Although, one of the elements of Black Excellence that I think needs to be explored, investigated and yes critiqued is the close proximity to the institution of whiteness and capitalism that it often has.  

I say this from a place of love and compassion. Dressing up in the garments of people who have oppressed us and assimilating in spaces where we have begged for a seat at their tables for generations is not going to equip us with the armour required to liberate us mentally, physically or spiritually. It will however, allow us to enjoy some of the thrills of capitalism, whilst inviting us to subconsciously uphold and maintain the status quo.

One of the elements of Black Excellence that I think can be extremely detrimental at times within is closeness to capitalism – is the fact that it promotes unhealthy levels of exceptionalism. All this whilst not taking into consideration that many do not have the same level of access, or have started from an even playing ground to obtain such levels of success. 

It places an artificial importance on the individual and not the collective promoting rugged individualism instead of group consciousness allowing no room for rest which is counter-productive on so many levels.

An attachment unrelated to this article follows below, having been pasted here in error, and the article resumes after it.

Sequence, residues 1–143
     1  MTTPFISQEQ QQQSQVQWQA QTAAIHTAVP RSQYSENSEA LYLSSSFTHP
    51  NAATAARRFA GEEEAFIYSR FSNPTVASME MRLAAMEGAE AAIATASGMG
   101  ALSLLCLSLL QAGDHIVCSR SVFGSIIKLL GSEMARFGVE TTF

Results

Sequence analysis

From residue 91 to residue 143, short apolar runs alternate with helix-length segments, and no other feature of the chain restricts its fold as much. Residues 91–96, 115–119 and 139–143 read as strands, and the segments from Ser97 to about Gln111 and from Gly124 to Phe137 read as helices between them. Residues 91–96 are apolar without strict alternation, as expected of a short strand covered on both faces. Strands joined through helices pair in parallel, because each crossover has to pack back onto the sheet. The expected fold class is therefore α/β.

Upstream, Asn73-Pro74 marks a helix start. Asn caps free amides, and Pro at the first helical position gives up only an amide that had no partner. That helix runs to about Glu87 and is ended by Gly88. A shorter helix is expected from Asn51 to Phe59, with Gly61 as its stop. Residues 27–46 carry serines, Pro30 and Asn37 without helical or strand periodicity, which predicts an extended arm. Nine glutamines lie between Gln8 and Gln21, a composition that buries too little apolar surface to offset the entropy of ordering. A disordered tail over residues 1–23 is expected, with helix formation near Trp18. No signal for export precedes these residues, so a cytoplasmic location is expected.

This form of Black Excellence sends out a very clear message. The message that as long as you achieve great amounts of success and wealth within a system that was not built for you or your people – you matter. This can be dangerous in more ways than one. 

You will be invited into white spaces and celebrated (conditionally) as long as you hustle and do what it is by any means necessary to achieve success. But at what expense? Your mental health? Your physical health? Your connection to your community? The same community that helped build you? 

Time to redefine

I am just asking questions because I would love to know. Not to mention these are questions that need to be addressed if we are truly to emancipate ourselves from mental slavery in a way that is progressive.

I strongly believe that the notion of Black Excellence needs to be redefined. Or at the very least, more encompassing of all black people who do not necessarily fit into the category of what is deemed as Black Excellence. 

For me, for it to be a true tool of inspiration, as a philosophy it needs to be seen through the lens of African liberation. It needs to allow greater room for the ordinary and the mundane elements of our lives that are essential to our wellbeing. 

Yes, Black Excellence is the young graduate who has graduated from a top medical school. Yes, Black Excellence is the black person that has been made senior partner at their practice. 

But it is also the black woman who wakes up to go to a job where she has to constantly deal with microaggressions to get ahead. It’s also the black man who has to monitor his response when dealing with the police in order to ensure his safety.

Simply put, Black Excellence is whatever we say it is –  as long as it gives us air to breathe and actualise success on our own terms.